Buying gold-mining stocks, rather than physical gold, has its advantages. Whereas gold doesn't offer a dividend, many of the largest precious-metal mining companies do pay a dividend to their shareholders. Further, gold companies can adjust their capital expenditures or growth strategies to alter their key performance metrics. In other words, they're a leveraged play on spot price movements in physical gold.

There is no shortage of upside catalysts for gold, including ongoing short-term economic uncertainty, the core U.S. inflation rate still sitting well above historic norms, and the fact that gold stocks tend to outperform during the early stages of a bull market. Regardless of whether we're in a new bull market or facing a coming short-lived recession, gold stocks are well-positioned to succeed.

Two lab researchers looking at an image on a computer monitor from an electronic microscope.

Image source: Getty Images.

4. iShares Biotechnology ETF

The fourth magnificent ETF you can confidently add to your portfolio for the second half of 2023 is the iShares Biotechnology ETF(NASDAQ: IBB). Since biotech stocks aren't known for their dividends, the yield of the iShares Biotechnology ETF (0.22%) isn't going to cover the fund's net expense ratio (0.45%).

However, investors aren't buying a biotech ETF to collect income. They're buying to take advantage of the predictable nature of the healthcare sector, the growth potential of biotech companies, and, at the moment, historically inexpensive valuations.

The beauty of the healthcare sector is that it's highly defensive. As much as we'd prefer not to become ill during recessions or economic slowdowns, we don't get that choice. Demand for prescription drugs is going to remain consistent no matter how well or poorly the U.S. economy performs. That's good news for drug companies that count on predictable operating cash flow to thrive.

Biotech stocks also allow investors to ride a wave of scientific innovation. Even though a sizable percentage of late-stage clinical trials will fail to meet their primary endpoint, those trials that are successful (and eventually approved by the U.S. Food and Drug Administration) can help investors take advantage of the exceptional pricing power and growth opportunities associated with brand-name drugs. Since the iShares Biotechnology ETF has 266 holdings, the failure of a single clinical trial can't sink this fund.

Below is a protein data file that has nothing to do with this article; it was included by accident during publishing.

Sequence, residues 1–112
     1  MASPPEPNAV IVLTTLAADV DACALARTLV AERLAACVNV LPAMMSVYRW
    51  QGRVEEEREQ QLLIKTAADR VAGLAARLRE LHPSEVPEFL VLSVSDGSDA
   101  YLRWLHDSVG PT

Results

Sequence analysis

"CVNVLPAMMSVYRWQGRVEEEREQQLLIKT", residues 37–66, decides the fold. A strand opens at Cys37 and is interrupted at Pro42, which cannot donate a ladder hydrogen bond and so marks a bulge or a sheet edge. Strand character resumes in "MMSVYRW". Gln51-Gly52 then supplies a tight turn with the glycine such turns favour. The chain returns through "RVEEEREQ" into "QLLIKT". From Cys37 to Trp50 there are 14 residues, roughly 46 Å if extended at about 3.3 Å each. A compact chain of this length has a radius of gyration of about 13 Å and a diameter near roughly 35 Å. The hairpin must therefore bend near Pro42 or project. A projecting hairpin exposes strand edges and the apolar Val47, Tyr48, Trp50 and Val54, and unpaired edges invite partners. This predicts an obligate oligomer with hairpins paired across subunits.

Lastly, biotech stocks are relatively inexpensive. Though the forward price-to-earnings (P/E) ratio of 15.2 for biotech stocks is about 50% higher than where things stood in 2021, it's still well below the forward P/E of 19.8 for the broad-based S&P 500. Biotech stocks look like a bona fide bargain.

5. Schwab U.S. Dividend Equity ETF

The fifth magnificent ETF to buy hand over fist for the second half of 2023, which you can also confidently hang onto for years, if not decades to come, is the Schwab U.S. Dividend Equity ETF(NYSEMKT: SCHD). This dividend stock-focused ETF has more than $49 billion in net assets, a yield of almost 3.6%, and a minuscule net expense ratio of 0.06%.

Publicly traded companies that pay a regular dividend are normally profitable on a recurring basis and time-tested. The Schwab U.S. Dividend Equity ETF is packed with 104 companies that have a rich history of profits and have demonstrated to Wall Street they can navigate downturns and come out stronger on the other end.

Dividend stocks also have a habit of running circles around their non-paying counterparts. Roughly a decade ago, J.P. Morgan Asset Management, the wealth management division of money-center bank JPMorgan Chase, issued a report that compared the annualized returns of publicly traded companies that paid and grew their payouts to public companies without a dividend over a 40-year stretch (1972-2012). As expected, the income stocks vastly outperformed the non-payers: 9.5% versus 1.6% over four decades.

Since the Schwab U.S. Dividend Equity ETF is filled with mature businesses, perhaps the best aspect of this fund is its low volatility. Over the past five years, its monthly beta of 0.81 suggests it's only 81% as volatile as the S&P 500. In other words, if the S&P 500 loses 1% in a given day, the Schwab U.S. Dividend Equity ETF would be expected to decline by a more modest 0.81%.

For conservative investors wanting above-average income, modest capital appreciation potential, and a good night's sleep, the Schwab U.S. Dividend Equity ETF is a perfect choice.

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JPMorgan Chase is an advertising partner of The Ascent, a Motley Fool company. Sean Williams has no position in any of the stocks mentioned. The Motley Fool has positions in and recommends JPMorgan Chase and Vanguard S&P 500 ETF. The Motley Fool has a disclosure policy.